This is the story of Miles' journey into our lives. Beware, it's a long one. It was the end of February of this year when I had suspicions of pregnancy. I had read copious amounts about what symptoms to be aware of and thought I was tricking myself into thinking that I was pregnant. The mild nausea and fatigue continued for two weeks. After reading whattoexpect.com's descriptions of pregnancy symptoms about a million times I finally decided to take a pregnancy test. Trembling, I took the test around 4pm, just before Patrick got off work. The two minutes it took for the test to be completed were the most nerve racking moments of my life. I couldn't help but imagine what our lives would be like if I looked down to see a positive sign but also how dismayed I would be if it was negative. This was the moment that would change our lives forever or go back to being the same until the next month when I would probably stumble through the same emotions all over again. With my whole chest thumping I looked down to see the line that my whole being wanted to see. Positive.
I couldn't stop saying 'oh my gosh.' I wanted to call Patrick right away but decided to tell him in person. That was very long hour. Patrick finally arrived and trying not to burst with excitement I said 'God has a new plan for us: to be parents!' Patrick grinned really big and couldn't believe it. He kept saying 'really?' We both sat in silence for a good 10 minutes taking it all in and picturing how things would change.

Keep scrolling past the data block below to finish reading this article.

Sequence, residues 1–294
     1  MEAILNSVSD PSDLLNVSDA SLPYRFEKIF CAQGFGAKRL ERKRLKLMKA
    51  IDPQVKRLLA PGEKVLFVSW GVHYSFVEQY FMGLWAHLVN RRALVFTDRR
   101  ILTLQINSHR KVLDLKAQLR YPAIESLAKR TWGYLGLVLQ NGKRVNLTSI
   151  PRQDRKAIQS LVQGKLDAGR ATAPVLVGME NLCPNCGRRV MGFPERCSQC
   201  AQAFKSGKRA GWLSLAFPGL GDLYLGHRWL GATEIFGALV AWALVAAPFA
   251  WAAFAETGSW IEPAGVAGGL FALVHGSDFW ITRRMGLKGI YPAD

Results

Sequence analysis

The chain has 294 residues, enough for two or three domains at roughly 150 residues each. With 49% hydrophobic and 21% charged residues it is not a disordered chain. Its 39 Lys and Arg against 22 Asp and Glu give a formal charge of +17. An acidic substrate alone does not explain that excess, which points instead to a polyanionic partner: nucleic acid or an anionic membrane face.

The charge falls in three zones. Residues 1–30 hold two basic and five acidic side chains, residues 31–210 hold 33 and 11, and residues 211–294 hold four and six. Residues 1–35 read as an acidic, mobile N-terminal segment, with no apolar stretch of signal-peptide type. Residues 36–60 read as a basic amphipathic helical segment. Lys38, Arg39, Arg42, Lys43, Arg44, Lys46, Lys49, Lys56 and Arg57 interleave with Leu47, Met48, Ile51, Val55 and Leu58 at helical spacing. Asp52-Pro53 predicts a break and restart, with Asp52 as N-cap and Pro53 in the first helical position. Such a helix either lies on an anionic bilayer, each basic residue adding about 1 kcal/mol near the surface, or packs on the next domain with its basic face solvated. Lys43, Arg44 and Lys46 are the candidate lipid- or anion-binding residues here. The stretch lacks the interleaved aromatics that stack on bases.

The first trimester commenced and we made announcements to family and friends. I went to my prenatal visits and always found that baby and I were doing well. At our second appointment our ears were graced with the most beautiful sound. Miles' heartbeat. It was 156bpm. I kept teasing Patrick that a higher heart rate could mean that it's a girl. Everyone I talked to except for two people thought I was having a girl. My cousin Ashley even did the old wives' tale of the needle and thread over my belly and it read that he was to be a girl. Poor little guy! Everyone thought he was a girl. Throughout the first trimester I felt sluggish and exhausted which is very common. I was lucky not to get morning sickness, just waves of nausea here and there. I'm pretty sure I had the nose of a dog too because I could smell everything from miles away.
The second trimester rolled around during summer time and I started feeling back to my old self. As week 20 neared I grew anxious to feel Miles move. Finally, one night as I laid still in bed, I felt what would normally feel like a muscle twitch. It was his little flutters. It was the most amazing feeling in the world and only got better from there as he grew and those flutters became kicks, punches, and rolls. Patrick enjoyed putting his hand on my belly at night and feeling him move. It was a wonderful way to fall asleep.